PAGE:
But the vision of CRCLR is much grander. Over the next years, the ground floor will be converted into a large co-working area, while the basement will host workshops and production spaces. Fifty tenants will be accommodated on the first floor. The whole construction process will be a real-life experiment in circular building. “The construction sector is responsible for over 60 percent of waste in Germany, most of which is not recycled,” says Alice. The circular model, in contrast, ensures that materials are managed in closed loops. Products are designed and built so that they can be reused or repurposed after consumption.
“Everything we learn along the way is shared. The circular processes we implement can be the basis for many new companies.” For all her enthusiasm and visionary power, Alice sees herself above all as a “pragmatic revolutionary.” Upon moving into the building, which was filled to the roof with rubble, the team wanted to recycle everything. But they learned very quickly that this would take forever. Now, they implement “the most radical idea we can afford,” says Alice. “When we needed desks, we could have researched for months to find the most sustainable solution. Instead, we gave ourselves a few hours, bought the materials, and constructed the desks the next day.”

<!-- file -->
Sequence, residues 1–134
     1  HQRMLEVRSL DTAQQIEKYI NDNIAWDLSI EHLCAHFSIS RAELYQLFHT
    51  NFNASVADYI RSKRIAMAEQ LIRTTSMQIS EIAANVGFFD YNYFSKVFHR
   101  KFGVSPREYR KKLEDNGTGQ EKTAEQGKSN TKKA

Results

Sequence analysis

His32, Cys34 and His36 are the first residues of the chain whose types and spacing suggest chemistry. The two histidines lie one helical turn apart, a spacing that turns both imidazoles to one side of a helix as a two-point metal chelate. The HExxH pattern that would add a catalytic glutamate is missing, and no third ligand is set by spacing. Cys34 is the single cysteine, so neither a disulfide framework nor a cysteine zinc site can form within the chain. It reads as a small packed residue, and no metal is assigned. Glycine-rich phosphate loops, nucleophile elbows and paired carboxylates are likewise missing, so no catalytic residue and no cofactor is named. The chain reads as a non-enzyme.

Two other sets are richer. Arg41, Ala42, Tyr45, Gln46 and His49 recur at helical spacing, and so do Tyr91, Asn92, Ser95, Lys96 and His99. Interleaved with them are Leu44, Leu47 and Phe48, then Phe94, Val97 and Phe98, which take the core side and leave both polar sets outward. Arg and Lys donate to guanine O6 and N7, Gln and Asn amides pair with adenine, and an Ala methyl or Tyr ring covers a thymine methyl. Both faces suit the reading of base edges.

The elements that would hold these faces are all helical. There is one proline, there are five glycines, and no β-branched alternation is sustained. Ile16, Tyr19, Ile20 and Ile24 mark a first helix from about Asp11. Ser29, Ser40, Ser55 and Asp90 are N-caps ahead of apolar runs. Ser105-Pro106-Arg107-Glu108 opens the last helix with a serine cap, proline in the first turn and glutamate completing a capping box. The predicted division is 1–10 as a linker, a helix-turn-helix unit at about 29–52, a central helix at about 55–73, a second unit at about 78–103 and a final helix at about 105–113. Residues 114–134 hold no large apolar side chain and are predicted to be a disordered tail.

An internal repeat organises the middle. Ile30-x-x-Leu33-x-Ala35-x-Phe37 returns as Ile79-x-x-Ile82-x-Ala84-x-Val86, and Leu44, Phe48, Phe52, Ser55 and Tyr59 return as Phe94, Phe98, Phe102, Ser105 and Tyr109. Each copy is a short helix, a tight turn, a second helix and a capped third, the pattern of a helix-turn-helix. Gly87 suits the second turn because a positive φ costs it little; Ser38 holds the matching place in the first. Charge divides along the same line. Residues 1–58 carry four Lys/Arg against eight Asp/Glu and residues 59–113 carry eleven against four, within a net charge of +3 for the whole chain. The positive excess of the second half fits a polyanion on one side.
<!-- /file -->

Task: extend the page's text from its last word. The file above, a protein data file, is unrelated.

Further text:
Our current economic model works mainly along the lines of make, use and dispose. In constrast to this, the idea of a circular economy is a systemic shift towards regenerative and restorative production processes. On July 5, we are inviting participants to our event Denkraum in Munich to discuss the opportunities of the circular economy model in Germany.
Alice’s can-do attitude already served her well in her first job as a trainee with a large German waste management company. “My mom thought it was hilarious that I wanted to work with waste. On my birthday she hid my presents in different trashcans around the house,” Alice remembers with a laugh. During the four-and-a-half years of her employment, she traveled extensively. In Jordan, she came across a huge toxic dump, filled with pharmaceutical waste from companies producing for the European market. In Afghanistan, she was responsible for the treatment of hazardous waste left over from the occupation. “I saw how waste was affecting the most vulnerable populations in the most vulnerable countries.”